Here’s the key passage with the court’s unsigned opinion: “Although Covid– 19 is a risk that occurs in many workplaces, it is not an occupational hazard in most. Covid–19 can and does spread at home, in schools, during sporting events, and everywhere else that people gather.” Because the statute gives the Occupational Safety and Health Administration authority to enact standards “reasonably necessary or appropriate to provide safe or healthful employment,” it reasoned, and Covid-19 doesn’t just spread in the workplace, OSHA acted outside its lane of authority. The vaccine-or-test mandate “draws no distinctions based on industry or risk of exposure to Covid-19,” and thus cannot be enforced. “[M]ost lifeguards and lineman face the same regulations as do medics and meatpackers,” for example.
The logical flaw in the majority’s reasoning is that this line-drawing isn’t required by the actual 1970 law (the Occupational Safety and Health Act) that established OSHA. Back in 1979, the Court recognized in Industrial Union Department v. American Petroleum Institute that OSHA has “broad authority … to promulgate different kinds of standards.” Justice Stephen Breyer in his dissenting opinion thus explained: “The Standard falls within the core of the agency’s mission to ‘protect employees’ from ‘grave danger’ that comes from ‘new hazards’ or exposure to harmful agents,” as set forth in the relevant part of the OSH Act.
What the majority is really saying, then, is that it doesn’t like how much power Congress gave to OSHA in the first place. The question of whether Congress can delegate its lawmaking powers to executive branch agencies has been debated for decades. But since the 1930s, the court has basically allowed Congress to give agencies rulemaking power under Article I’s “Necessary and Proper” clause, in part on the theory that courts lack the kind of expertise that agencies have. Moreover, even though they are not elected, agency employees answer to someone who is accountable to voters: the president.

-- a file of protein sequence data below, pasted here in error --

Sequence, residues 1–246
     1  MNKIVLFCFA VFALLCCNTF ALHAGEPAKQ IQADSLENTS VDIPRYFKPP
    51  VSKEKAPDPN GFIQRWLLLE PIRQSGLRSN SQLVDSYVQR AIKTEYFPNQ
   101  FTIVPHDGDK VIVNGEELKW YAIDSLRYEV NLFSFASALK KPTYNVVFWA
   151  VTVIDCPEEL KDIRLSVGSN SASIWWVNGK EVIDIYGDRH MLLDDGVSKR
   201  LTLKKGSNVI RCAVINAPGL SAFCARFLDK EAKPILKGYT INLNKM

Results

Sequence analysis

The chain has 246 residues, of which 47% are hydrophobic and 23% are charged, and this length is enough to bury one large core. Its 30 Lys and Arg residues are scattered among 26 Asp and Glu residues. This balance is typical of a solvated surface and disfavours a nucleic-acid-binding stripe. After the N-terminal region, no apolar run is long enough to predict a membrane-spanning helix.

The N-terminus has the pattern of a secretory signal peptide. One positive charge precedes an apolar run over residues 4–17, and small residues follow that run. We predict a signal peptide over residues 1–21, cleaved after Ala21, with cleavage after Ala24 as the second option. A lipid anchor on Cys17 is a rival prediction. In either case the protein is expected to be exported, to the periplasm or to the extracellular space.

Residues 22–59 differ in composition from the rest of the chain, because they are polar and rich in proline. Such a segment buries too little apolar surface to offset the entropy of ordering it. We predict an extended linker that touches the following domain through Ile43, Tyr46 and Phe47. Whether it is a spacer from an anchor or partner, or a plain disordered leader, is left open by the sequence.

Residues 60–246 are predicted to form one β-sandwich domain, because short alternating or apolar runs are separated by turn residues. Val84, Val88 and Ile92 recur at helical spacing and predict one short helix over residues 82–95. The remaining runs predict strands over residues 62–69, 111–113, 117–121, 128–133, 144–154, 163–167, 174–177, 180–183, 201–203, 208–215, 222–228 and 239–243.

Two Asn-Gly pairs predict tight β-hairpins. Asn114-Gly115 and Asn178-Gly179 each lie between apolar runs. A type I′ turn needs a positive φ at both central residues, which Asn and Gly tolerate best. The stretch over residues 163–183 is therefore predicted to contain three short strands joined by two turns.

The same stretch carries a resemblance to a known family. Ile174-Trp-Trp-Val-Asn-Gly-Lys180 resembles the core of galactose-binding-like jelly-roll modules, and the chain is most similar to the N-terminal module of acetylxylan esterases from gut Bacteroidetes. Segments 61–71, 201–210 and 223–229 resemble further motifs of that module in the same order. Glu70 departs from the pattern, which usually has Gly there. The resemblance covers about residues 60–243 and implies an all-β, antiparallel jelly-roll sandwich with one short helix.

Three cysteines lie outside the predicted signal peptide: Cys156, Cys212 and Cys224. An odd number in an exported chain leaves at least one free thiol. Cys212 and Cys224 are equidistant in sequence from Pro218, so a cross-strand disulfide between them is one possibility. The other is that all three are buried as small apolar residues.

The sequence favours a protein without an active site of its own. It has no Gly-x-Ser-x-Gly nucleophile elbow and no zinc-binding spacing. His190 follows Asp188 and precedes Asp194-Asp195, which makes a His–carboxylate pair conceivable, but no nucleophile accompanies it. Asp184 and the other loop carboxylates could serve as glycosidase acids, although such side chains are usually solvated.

This is known as the delegation of legislative power. Instead of keeping its lawmaking power for itself, Congress gives the executive branch the power to fill in the inevitable blanks it leaves in legislation. When executive branch agencies respond, the resulting laws are often known as “regulations.” But they function with virtually the same force of law as an act of Congress itself. The legal critique of the practice of handing off lawmaking power to agencies has not garnered traction in the Supreme Court for nearly a century. Only a tiny handful of court decisions in the New Deal era struck down Congress’ decisions to delegate legislative authority under the so-called non-delegation doctrine.
The court’s majority opinion signals that this Supreme Court is poised to strike down an undisclosed segment of federal regulations that don’t follow express, detailed authority from Congress. And even more troubling, the court’s conservatives have apparently determined that Congress may do so only if the subject matter of the law implicates what the court deems a “major question,” a nebulous and undefined term that has no textual support in the Constitution. Because our polarized Congress is shockingly dysfunctional when it comes to substantive policy, it doesn’t bode well for the country’s legislative needs.